Harri Leads Peugeot Attack Peugeot driver Harri Rovanpera has ended the opening leg of the Rally New Zealand in 2nd place, having taken the lead on SS7. His team mate Marcus Gronholm is third, after losing first place with a roll on ...
Harri Leads Peugeot Attack
Peugeot driver Harri Rovanpera has ended the opening leg of the Rally New Zealand in 2nd place, having taken the lead on SS7. His team mate Marcus Gronholm is third, after losing first place with a roll on SS6.
Today's action consisted of five forest stages plus two runs through the spectator superspecial at Manukau. The road surfaces were slightly damp in the morning, before drying out completely for the afternoon's stages. New Zealand is well-known for its fast and flowing gravel roads, and today's stages were typical of the Antipodean event. The rally ran to the 'Mille Pistes' system for the first time -- a style of rallying where the reconnaissance takes place early in the morning before the stages are driven competitively later in the day.
Harri had a fast and clean run on only his second event in the all-new Peugeot 307 WRC. He set two fastest stage times, and had no mechanical problems whatsoever all day. He returns to Parc Ferme in Auckland confident of another successful outing tomorrow.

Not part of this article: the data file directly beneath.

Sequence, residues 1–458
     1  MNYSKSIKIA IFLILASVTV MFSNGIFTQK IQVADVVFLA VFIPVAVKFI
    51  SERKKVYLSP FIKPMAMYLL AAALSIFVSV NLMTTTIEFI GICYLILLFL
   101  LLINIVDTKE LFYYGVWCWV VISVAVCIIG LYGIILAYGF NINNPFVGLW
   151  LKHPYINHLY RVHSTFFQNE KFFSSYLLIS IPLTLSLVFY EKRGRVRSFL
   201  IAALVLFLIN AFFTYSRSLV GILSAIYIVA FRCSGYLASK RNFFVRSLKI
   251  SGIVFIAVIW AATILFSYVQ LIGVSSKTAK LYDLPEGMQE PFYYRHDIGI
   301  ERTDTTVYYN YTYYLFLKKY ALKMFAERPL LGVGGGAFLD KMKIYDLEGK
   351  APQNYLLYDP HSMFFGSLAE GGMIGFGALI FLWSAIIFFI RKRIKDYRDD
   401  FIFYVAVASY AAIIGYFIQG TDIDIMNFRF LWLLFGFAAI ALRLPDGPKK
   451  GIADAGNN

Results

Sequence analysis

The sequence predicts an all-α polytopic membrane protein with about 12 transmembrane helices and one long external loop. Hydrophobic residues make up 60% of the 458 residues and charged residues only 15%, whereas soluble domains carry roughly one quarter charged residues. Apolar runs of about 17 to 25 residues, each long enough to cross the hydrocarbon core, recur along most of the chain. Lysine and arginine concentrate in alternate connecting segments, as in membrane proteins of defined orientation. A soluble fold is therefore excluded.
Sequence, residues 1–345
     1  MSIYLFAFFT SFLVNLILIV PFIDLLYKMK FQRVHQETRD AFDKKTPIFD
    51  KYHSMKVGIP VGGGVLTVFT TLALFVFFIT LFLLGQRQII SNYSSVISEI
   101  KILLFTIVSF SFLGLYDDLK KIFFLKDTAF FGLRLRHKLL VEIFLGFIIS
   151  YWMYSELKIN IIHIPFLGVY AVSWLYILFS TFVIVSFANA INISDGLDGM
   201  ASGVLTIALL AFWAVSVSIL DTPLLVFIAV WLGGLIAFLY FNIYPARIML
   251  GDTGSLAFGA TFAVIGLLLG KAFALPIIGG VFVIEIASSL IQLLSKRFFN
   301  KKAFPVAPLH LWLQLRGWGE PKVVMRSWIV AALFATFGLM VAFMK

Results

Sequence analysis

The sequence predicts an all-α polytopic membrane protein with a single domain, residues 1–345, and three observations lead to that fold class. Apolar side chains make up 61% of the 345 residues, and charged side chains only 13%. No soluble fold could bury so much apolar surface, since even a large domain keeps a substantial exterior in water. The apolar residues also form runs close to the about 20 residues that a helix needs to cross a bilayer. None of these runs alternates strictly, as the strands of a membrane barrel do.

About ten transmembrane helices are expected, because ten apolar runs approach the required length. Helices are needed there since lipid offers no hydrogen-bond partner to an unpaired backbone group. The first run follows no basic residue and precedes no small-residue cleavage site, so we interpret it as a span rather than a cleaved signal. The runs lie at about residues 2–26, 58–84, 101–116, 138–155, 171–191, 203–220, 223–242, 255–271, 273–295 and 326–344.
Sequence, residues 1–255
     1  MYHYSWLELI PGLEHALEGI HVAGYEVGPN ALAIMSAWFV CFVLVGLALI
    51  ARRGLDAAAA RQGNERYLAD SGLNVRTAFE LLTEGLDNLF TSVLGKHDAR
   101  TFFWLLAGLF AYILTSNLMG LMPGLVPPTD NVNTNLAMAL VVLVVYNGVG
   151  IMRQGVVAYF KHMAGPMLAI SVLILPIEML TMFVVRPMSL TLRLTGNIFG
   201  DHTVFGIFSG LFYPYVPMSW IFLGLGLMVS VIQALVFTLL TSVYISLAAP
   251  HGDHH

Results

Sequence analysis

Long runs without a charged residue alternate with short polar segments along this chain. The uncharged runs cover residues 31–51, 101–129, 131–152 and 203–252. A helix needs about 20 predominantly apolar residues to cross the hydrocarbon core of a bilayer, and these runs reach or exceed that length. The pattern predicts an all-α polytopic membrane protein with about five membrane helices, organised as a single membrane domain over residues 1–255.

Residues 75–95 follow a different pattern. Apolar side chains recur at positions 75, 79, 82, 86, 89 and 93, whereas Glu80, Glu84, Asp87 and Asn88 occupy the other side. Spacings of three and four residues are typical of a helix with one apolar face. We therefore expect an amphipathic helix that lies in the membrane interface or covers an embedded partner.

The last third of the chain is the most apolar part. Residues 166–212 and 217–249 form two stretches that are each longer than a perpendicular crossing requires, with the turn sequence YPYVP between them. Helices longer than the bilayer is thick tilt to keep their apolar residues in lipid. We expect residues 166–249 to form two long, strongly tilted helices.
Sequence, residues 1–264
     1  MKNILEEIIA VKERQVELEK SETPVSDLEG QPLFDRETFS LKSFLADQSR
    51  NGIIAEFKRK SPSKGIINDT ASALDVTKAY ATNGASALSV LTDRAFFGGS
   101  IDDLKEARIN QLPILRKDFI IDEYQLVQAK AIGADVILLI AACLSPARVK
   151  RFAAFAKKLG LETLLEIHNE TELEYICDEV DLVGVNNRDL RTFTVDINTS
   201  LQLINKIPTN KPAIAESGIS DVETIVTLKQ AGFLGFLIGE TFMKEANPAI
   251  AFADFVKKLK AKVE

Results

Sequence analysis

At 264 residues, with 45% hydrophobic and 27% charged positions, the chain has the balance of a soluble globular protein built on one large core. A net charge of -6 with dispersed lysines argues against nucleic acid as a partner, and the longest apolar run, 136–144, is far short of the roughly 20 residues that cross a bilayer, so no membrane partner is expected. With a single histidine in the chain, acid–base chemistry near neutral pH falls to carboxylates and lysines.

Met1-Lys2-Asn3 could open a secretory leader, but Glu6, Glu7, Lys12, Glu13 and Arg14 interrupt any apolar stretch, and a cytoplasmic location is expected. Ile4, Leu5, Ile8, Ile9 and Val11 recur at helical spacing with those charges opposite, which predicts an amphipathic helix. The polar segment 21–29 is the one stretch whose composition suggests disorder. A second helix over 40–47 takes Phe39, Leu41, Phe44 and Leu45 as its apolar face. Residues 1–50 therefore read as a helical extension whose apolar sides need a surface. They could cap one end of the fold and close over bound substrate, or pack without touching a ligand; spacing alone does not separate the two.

"I really enjoyed today," said Harri. "I had a very good feeling with the car and I was able to push hard. It's been really fun to lead the rally, and we've been on the pace from the very start. I really like long stages and we were flat-out on all of SS7, which was 48 kilometres. I decided not to risk anything on the superspecial, so I think we are in a good position for tomorrow. I'm not changing anything on the car: it's perfectly fine as it is."
Marcus won two stages today, and led the rally until he was caught out by a slow corner at the very end of SS6. Nonetheless, he recovered to maintain a front running pace and ends the leg in third place just half a minute behind the leader. His Peugeot 307 WRC also ran faultlessly all day.
"It was a stupid mistake," said Marcus. "My car went up onto two wheels in the same place last year, but this time we unfortunately went over. Some spectators eventually pushed us back, but we lost more than 30 seconds. It's disappointing, as we certainly have the pace to be in front. But there's still a long way to go and the car set-up feels good. We'll keep pushing!"
Tomorrow is the longest day of the rally and consists of eight stages totalling 138 competitive kilometres.